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You are hereHome › Long Road Home: The Health Consequences of Commuting
Long Road Home: The Health Consequences of Commuting
Long Road Home: The Health Consequences of Commuting
On Sunday afternoons David Zucker leaves his family and home in Austin, Tex., to fly to Boca Raton, Fla., and begin his work week. He flies back to Austin on Friday night. Door-to-door, the commute takes Zucker about five hours one way—earning him a spot in the growing category of work travellers known as “super commuters.”
In April 2012 the Rudin Center of Transportation at New York University released a report showing the number of people traveling more than 90 miles or 90 minutes each way to work—super commuters—has increased a whopping 57 percent in New York City alone. And it’s not just New York. According to the report, nearly 9 percent of the workforce in Maricopa County surrounding Phoenix meets the super-commuting criteria. The report reveals that the number of super commuters has doubled and even tripled along super-commuting corridors such as Philadelphia and Houston.
Zucker, who is the chief marketing officer at Vitacost.com, didn’t want to put his family through the stress of moving after he received a great career opportunity. But it hasn’t been easy. “It’s difficult not having breakfast and dinner with my wife and 16-year-old twins,” Zucker says. “We are a close family, and being away that long can be difficult on all of us.”
Zucker is also an active Ironman triathlete, and it can be difficult to stick to his aggressive workout schedule because of his commute. “Flying is really hard on your body and can encourage poor health habits,” says Zucker, who makes a concerted effort to eat well and exercise. “I always pack natural bars and fruit. I rarely drink alcohol, and never when I’m flying.”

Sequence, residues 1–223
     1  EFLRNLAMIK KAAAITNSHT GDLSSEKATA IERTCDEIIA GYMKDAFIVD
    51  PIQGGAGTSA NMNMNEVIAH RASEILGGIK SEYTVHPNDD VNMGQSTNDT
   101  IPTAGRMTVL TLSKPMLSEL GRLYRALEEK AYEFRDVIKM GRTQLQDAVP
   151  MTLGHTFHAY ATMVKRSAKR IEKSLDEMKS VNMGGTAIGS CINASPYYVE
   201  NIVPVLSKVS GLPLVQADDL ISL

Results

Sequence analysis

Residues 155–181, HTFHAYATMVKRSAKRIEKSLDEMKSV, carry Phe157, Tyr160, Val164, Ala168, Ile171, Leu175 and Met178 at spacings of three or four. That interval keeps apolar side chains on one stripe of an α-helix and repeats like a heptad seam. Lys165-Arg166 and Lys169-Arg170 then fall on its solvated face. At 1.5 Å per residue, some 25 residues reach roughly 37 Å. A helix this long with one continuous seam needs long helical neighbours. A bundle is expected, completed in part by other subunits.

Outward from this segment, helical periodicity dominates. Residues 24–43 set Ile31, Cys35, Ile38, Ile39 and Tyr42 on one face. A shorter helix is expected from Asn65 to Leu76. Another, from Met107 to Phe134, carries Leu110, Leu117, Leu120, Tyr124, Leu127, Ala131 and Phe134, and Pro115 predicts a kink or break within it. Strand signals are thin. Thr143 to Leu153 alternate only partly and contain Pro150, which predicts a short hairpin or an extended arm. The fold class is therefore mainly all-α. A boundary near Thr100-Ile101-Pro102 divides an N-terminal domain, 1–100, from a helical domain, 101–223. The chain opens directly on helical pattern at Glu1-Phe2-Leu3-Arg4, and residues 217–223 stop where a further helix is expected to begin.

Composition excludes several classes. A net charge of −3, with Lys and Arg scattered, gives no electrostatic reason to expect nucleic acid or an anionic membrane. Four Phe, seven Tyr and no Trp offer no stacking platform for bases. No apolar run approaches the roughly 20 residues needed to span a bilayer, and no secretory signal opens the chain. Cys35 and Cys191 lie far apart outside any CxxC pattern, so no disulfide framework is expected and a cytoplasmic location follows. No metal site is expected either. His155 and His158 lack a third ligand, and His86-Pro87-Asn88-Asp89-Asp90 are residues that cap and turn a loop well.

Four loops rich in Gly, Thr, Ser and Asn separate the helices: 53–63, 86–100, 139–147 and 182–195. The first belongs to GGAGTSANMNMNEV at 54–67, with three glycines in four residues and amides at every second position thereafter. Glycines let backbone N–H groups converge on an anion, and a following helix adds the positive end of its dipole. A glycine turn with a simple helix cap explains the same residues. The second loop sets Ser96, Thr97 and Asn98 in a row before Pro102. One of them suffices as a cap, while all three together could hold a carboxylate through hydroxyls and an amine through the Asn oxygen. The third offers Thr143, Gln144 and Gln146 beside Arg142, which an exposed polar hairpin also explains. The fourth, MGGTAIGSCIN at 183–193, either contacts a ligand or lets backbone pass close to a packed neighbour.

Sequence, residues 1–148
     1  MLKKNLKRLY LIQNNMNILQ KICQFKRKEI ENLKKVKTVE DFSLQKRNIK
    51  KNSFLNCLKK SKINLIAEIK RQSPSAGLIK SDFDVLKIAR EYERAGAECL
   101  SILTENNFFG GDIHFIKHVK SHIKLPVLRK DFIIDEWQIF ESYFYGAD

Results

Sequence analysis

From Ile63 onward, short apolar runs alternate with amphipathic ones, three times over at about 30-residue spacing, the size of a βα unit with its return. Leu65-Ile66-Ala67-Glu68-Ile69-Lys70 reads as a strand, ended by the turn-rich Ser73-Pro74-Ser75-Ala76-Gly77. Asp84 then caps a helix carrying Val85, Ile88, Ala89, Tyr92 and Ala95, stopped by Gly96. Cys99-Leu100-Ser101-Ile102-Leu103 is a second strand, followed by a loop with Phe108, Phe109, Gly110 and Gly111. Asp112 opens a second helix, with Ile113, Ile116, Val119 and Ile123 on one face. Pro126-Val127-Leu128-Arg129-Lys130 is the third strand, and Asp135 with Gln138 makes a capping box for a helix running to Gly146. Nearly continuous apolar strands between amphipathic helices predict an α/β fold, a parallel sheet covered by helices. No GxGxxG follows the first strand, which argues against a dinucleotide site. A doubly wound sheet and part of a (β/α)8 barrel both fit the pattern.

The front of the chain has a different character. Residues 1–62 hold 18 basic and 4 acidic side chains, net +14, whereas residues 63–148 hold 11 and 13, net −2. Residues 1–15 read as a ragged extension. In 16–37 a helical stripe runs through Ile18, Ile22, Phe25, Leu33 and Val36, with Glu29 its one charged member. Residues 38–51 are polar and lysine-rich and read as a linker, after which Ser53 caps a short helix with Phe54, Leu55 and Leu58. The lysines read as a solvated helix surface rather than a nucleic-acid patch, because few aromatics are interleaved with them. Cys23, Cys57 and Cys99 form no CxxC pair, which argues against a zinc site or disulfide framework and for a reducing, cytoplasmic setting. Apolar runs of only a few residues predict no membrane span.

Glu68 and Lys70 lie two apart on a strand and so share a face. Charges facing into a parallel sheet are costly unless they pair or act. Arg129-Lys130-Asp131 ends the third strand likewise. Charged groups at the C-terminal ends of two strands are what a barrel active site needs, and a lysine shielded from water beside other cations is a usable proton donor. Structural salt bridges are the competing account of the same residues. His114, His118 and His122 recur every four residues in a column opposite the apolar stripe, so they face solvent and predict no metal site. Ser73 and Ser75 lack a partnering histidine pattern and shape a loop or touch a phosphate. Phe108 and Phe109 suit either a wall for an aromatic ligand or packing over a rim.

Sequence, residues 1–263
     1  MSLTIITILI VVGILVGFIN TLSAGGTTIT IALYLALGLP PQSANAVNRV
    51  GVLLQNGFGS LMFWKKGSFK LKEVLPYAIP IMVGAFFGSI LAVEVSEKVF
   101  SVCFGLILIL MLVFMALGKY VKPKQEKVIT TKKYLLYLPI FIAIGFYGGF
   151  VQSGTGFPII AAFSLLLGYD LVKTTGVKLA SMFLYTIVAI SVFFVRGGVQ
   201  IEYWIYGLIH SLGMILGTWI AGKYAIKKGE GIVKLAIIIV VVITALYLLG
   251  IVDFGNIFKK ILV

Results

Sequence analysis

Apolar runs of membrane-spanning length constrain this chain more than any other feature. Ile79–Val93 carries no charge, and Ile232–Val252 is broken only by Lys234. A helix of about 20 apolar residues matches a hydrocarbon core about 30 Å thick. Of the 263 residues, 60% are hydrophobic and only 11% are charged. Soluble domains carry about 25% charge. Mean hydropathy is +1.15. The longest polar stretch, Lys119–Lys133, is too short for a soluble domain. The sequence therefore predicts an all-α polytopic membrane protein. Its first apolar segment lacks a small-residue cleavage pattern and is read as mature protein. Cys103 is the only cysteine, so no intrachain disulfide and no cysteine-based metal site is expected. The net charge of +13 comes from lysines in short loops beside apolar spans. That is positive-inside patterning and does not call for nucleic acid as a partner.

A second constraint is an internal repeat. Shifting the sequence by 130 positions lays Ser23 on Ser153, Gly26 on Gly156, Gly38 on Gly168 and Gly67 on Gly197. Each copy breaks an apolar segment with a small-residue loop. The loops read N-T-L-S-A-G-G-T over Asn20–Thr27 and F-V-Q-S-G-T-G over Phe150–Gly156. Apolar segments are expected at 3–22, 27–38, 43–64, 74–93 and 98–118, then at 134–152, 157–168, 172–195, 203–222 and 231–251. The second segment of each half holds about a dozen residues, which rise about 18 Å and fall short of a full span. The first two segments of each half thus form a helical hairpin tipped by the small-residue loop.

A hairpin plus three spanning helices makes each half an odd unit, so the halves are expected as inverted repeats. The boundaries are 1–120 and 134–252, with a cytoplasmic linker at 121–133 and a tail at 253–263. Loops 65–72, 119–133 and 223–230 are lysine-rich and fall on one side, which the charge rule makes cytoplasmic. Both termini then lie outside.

Planes, trains and automobiles
Zucker is right to be concerned about his health while commuting. In October 2011 the American Cancer Research Institute (ACRI) announced a link between prolonged sitting and an increased cancer risk. According to the ACRI, nearly 100,000 U.S. cancer cases are linked directly to prolonged sitting.
In June 2012 researchers from Washington University published their data in the American Journal of Preventive Medicine showing the longer the commute, the bigger the increase in body mass index (BMI), waist circumference, high blood pressure and lack of physical activity. Lead researcher Christine Hoehner, PhD, told Wellness Times that in addition to lack of physical activity, “people who have longer commutes may have less discretionary time to cook healthy meals or get enough sleep, which are also associated with negative health outcomes.” Hoehner says stress associated with commuting can also play a role in increased blood pressure.
Paul Douglas, division human resources director of Genuine Parts Company, commutes by automobile to the corporate office and by plane to other locations. He says he’ll take a plane over congested traffic with other stressed-out drivers any day. When Douglas works at the corporate office in Denver, it takes him more than an hour just to get home at night—even longer when there is heavy traffic, an accident or bad weather. When he flies, he travels to one of seven locations in the mountain region and is usually gone for three to four days. “Air travel helps me avoid the stress of driving,” Douglas notes. “I don’t have to get up as early, and I can work while I’m on the plane so I’m ready to go once I arrive at my destination.”